Nine articles appear in this special collection, contributing technical knowledge, discussions of the practicalities of working and assessing AI applied to music, and reflecting critically on some of its ethical dimensions. Below we provide a brief summary of each article.
In “I Keep Counting: An Experiment in Human/AI Co-creative Songwriting”, Micchi et al. – a team of MIR researchers and amateur musicians – discuss creating their entry to the 2020 AI Song Contest, “I Keep Counting” which received fourth place out of the 13 entries overall. The article takes the reader on a detailed and honest tour of the creative process, in which the AI acted as a creative colleague in several aspects of the composition. The AI is seen as suggesting possibilities, which the team balanced with the requirements of the contest and the desire to make a good song. The team trained models that generate song structure, chord progressions, lyrics, and melody (independently). With some curation and random selection, the team settled on specific outputs followed by manual adjustments – some intentional and some accidental. The article reflects on the team’s experience for future iterations of such a contest – and indeed, the team’s 2021 entry won third place overall!
In “‘We Are Not Groupies… We Are Band Aids’: Assessment Reliability in the AI Song Contest”, Burgoyne and Koops statistically analyze the results of the 2020 AI Song Contest. The ranking of 2020 entries was based on a combination of a popular vote and the assessment of a panel of judges considering multiple criteria. If a team’s popular vote was due more to their effectiveness in getting people to vote for them rather than the quality of their submission, then the AI Song Contest would be a popularity contest instead of being an “international competition exploring the use of AI in the songwriting process” (https://www.aisongcontest.com/about). Burgoyne and Koops show that there indeed was a large number of voters exhibiting “groupie-like” behaviors, e.g., giving one team perfect scores and not listening to any other, but involving a jury in the assessment mitigated this impact – at least for the top-tier entries. Burgoyne and Koops go further with suggestions for future AI Song Contests. It will be very interesting to see what their models of voting behavior say for the 2021 edition, where the number of entries expanded from 13 to 38.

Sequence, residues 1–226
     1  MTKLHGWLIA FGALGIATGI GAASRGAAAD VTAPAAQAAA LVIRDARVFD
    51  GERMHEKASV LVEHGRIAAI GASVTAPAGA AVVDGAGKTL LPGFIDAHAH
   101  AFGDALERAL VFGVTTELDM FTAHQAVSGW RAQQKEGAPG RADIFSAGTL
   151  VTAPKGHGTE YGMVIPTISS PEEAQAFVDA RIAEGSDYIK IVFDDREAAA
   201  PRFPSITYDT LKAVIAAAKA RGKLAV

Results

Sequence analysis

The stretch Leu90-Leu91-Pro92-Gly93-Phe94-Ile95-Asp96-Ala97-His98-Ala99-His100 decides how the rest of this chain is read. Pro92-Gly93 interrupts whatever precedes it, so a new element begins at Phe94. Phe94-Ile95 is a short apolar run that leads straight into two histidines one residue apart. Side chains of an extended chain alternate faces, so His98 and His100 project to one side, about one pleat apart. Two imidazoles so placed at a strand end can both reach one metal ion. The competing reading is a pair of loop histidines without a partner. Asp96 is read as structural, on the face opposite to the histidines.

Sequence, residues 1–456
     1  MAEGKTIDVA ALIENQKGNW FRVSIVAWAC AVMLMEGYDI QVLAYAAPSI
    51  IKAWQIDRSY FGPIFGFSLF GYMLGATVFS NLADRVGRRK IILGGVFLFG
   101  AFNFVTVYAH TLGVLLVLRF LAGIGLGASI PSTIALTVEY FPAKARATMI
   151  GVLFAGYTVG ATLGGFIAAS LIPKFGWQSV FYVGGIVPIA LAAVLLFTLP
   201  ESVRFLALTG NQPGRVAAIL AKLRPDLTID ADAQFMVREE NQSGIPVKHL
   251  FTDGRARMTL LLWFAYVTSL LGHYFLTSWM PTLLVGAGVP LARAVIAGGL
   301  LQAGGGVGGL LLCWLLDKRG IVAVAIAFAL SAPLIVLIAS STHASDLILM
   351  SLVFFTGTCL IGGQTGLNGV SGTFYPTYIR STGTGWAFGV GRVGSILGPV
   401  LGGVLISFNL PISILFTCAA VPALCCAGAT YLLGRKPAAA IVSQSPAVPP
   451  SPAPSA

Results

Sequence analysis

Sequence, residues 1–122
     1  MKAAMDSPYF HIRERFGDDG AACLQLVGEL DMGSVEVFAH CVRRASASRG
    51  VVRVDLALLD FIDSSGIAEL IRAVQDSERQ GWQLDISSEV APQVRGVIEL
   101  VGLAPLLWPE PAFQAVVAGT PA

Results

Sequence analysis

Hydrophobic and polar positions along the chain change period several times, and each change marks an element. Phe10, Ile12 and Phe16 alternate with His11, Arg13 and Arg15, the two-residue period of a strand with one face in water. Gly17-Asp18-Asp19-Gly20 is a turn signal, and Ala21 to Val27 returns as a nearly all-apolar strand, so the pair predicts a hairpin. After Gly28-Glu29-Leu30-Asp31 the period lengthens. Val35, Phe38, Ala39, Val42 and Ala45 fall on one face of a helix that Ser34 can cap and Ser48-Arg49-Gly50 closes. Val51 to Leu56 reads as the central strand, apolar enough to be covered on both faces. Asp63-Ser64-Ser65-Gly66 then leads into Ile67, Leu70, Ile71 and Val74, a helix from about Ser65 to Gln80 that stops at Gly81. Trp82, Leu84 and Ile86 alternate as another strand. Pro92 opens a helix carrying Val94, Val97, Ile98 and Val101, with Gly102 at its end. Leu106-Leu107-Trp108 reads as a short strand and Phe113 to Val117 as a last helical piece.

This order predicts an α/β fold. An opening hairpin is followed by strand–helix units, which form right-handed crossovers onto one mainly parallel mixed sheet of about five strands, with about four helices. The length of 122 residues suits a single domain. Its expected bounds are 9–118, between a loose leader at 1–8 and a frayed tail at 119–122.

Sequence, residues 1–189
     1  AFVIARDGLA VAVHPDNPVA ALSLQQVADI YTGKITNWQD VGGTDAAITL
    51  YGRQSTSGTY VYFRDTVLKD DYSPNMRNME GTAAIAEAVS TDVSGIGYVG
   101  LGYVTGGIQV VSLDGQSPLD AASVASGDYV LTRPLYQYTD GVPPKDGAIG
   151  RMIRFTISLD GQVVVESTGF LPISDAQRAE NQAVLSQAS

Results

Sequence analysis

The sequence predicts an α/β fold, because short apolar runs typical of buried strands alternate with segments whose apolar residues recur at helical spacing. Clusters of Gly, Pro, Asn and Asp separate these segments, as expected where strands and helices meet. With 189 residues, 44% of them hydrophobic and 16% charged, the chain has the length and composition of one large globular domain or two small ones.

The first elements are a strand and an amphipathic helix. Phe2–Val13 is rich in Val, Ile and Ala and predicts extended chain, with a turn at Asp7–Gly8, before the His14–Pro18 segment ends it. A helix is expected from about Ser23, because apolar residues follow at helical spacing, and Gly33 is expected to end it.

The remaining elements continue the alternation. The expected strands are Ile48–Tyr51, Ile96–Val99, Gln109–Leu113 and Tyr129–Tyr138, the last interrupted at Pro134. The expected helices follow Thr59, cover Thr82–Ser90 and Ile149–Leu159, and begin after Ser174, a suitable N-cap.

In “Evaluating Creativity in Automatic Reactive Accompaniment of Jazz Improvisation”, Ostermann, Vatolkin, and Rudolph take their own “EAR Drummer”, a reactive and generative drum accompaniment system based on evolutionary algorithms, outside of the lab to the test with musicians. Twenty jazz musicians were invited to improvise with and compare between two systems blindly: the reactive EAR Drummer, and iReal Pro which provides a static backing track. Participants were then asked to fill out a specific survey, which shows how a reactive generative system adds to the improvisation experience, and how musicians might have different needs during a practice session versus a stage performance. This paper provides a compelling example of how to carry out a human-centered evaluation for generative music systems.